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Using SOAP with Scala

It seems I have inadvertently become "that guy who does SOAP with Scala". Given this illustrious position it seemed prudent to get around to putting up an article that explains how to use the SOAP support now present in "Scalaxb":

Scalaxb is a nice tool for working with XSD Schema from Scala, and recently WSDL support was added. In short this means that you can use native Scala types (such as Option[T]) for interacting with SOAP methods.


Before you get going, its necessary to install Scalaxb, which itself requires "Conscript":, so install that first. With ConScript in place, install Scalaxb by running:

cs eed3si9n/scalaxb

This will install Scalaxb and make it available on your $PATH. You can verify this by running the scalaxb command.

Generating Contracts

With Scalaxb installed and your WSDL to hand, you can run something like:

scalaxb -p eu.getintheloop.sample \ 
        -d src/main/scala \

This will generate a range of .scala files pertaining to the WSDL contract you passed as the last argument to the scalaxb tool. In addition this sample includes the -p to specify your own package and also the -d argument to place the output files into my Scala source directory. In this particular case, I'm using "this SOAP endpoint":, and you can freely do so too for the sake of this example.

Understanding Generated Classes

Scalaxb generates three separate components:

  • SOAP protocol classes: These are the ancillary classes that are used to operate the SOAP protocol for things like the message envelope.
  • Default transport implementation: The HTTP driver to actually POST the SOAP message to the endpoint URI. This default implementation is based on the blocking HTTP "Scala Dispatch":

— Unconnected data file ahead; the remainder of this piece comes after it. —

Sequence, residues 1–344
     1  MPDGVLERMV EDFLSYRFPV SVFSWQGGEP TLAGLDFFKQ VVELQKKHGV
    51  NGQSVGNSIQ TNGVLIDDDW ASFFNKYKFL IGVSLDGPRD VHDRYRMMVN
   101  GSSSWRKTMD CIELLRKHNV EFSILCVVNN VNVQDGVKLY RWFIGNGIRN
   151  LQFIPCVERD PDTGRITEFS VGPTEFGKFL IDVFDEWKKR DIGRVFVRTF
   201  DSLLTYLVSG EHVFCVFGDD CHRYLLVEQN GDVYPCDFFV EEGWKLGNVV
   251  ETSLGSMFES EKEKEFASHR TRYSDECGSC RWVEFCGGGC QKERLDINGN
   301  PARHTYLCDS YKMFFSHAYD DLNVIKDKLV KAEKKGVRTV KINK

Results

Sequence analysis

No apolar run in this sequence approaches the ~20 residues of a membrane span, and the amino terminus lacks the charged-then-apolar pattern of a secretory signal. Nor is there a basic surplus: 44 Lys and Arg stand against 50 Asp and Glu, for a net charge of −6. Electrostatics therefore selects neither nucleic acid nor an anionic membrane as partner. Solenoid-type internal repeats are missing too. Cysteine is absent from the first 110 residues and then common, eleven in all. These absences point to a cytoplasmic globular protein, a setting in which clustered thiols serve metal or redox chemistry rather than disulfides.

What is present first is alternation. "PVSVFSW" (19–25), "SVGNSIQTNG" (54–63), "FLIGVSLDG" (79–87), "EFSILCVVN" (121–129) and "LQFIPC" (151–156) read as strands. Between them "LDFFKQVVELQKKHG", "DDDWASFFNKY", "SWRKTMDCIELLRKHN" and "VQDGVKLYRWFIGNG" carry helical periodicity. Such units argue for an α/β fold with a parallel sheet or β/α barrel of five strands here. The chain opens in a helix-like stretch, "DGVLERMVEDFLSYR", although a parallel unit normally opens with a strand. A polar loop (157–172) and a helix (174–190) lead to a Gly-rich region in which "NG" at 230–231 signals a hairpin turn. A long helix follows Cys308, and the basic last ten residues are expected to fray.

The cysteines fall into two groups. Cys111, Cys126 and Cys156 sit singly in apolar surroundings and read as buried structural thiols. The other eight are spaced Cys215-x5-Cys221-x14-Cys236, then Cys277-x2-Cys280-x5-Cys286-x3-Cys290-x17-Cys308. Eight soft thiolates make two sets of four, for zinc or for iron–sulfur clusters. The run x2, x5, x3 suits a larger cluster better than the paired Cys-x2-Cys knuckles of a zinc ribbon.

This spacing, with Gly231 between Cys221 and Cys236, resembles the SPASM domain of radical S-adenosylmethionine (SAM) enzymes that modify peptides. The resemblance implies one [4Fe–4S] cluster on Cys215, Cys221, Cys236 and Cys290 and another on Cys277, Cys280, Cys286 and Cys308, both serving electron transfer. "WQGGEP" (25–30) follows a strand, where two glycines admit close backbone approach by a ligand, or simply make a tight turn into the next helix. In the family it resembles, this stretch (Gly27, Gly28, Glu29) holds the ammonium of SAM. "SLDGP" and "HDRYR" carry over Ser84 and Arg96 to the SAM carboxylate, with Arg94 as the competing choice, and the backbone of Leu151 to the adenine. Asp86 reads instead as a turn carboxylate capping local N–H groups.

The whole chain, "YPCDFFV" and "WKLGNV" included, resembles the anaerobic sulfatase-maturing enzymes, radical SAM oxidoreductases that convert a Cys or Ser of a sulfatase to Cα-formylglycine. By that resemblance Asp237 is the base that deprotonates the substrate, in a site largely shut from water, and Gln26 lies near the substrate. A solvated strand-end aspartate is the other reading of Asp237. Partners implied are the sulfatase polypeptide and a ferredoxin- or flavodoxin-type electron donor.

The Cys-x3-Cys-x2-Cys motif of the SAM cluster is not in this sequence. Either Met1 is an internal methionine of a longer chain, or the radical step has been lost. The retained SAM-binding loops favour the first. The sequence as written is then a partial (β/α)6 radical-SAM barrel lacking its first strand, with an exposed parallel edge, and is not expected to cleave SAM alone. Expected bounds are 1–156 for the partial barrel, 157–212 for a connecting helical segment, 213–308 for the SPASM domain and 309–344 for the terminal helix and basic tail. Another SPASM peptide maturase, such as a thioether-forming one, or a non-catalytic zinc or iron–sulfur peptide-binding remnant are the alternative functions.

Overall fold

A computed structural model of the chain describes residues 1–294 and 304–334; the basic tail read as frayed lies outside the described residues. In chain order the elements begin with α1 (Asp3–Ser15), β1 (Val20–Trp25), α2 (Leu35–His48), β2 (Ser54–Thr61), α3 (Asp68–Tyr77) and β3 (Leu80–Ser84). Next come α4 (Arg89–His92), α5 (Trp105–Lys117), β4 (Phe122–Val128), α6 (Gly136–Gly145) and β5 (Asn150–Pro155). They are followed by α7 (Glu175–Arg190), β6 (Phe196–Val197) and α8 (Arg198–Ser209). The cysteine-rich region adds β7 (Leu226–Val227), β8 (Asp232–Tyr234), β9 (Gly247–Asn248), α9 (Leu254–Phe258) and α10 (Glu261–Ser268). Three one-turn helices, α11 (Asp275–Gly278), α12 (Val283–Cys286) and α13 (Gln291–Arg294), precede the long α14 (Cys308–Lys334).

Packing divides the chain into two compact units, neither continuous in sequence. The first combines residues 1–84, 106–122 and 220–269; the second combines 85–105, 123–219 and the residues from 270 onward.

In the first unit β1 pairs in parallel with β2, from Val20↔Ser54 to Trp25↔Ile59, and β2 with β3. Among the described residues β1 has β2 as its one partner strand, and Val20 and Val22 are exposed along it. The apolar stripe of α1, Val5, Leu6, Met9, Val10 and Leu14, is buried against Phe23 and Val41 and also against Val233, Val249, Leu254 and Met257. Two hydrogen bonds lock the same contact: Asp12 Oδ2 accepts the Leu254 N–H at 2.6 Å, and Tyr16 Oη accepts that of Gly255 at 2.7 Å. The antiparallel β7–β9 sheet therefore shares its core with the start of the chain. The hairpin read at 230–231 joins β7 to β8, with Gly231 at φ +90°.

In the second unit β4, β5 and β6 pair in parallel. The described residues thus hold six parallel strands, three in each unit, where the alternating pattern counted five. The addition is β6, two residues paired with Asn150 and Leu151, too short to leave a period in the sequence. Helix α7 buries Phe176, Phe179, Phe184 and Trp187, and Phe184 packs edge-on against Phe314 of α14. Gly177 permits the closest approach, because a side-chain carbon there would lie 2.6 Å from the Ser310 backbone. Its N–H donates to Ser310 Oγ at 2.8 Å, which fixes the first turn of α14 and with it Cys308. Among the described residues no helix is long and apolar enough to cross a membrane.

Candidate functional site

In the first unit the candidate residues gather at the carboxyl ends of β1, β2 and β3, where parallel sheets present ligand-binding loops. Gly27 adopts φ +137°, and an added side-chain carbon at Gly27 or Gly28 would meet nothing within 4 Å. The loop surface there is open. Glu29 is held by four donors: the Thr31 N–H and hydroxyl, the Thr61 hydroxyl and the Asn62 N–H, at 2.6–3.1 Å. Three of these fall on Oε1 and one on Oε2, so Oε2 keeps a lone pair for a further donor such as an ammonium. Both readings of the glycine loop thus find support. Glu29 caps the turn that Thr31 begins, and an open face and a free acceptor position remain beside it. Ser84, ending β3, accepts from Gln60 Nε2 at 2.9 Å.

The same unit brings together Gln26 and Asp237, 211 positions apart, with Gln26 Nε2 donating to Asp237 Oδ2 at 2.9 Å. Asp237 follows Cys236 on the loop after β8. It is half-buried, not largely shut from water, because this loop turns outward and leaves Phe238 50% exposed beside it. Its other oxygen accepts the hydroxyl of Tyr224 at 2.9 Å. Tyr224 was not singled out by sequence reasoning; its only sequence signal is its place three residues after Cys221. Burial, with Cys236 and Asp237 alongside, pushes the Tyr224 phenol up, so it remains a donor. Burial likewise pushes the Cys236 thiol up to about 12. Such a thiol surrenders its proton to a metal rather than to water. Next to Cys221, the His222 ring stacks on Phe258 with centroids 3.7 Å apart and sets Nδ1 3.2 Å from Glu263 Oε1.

• Your service contracts: This is the only service specific part of the generated files. These relate to your specific service whilst the other two parts are completely decoupled and reusable over implementations / services you might have.

Enough talking, lets look at some code.


The Scalaxb SOAP mechanism makes heavy use of the cake pattern, and thus allows you to mix and match different components as your situation dictates. Here's the default usage pattern:

package eu.getintheloop.sample

import scalaxb._

object Main {
  def main(args: Array[String]){

    val remote = new WeatherSoap12s 
       with SoapClients 
       with DispatchHttpClients {}

    println {
      remote.service.getWeather(Some("New York"))

Note specifically that by combining the weather service contracts with the SOAP protocol classes and the transport implementation, the result is a working driver from which you can directly call the SOAP methods.

The result of the service call itself is a Either[Fault[_], Option[T]], so if you want to get at the actual value you can just simply fold on the Either.

Suggestions for Customisation

If you have multiple services to interact with then it can be nice to cake together all your service implementations so that you just have a single client that lazily loads the appropriate service classes as needed. Additionally, you could also replace the transport implementation with something asynchronous and based on futures... that also is fun.

The sample code for this example can be found at: "":


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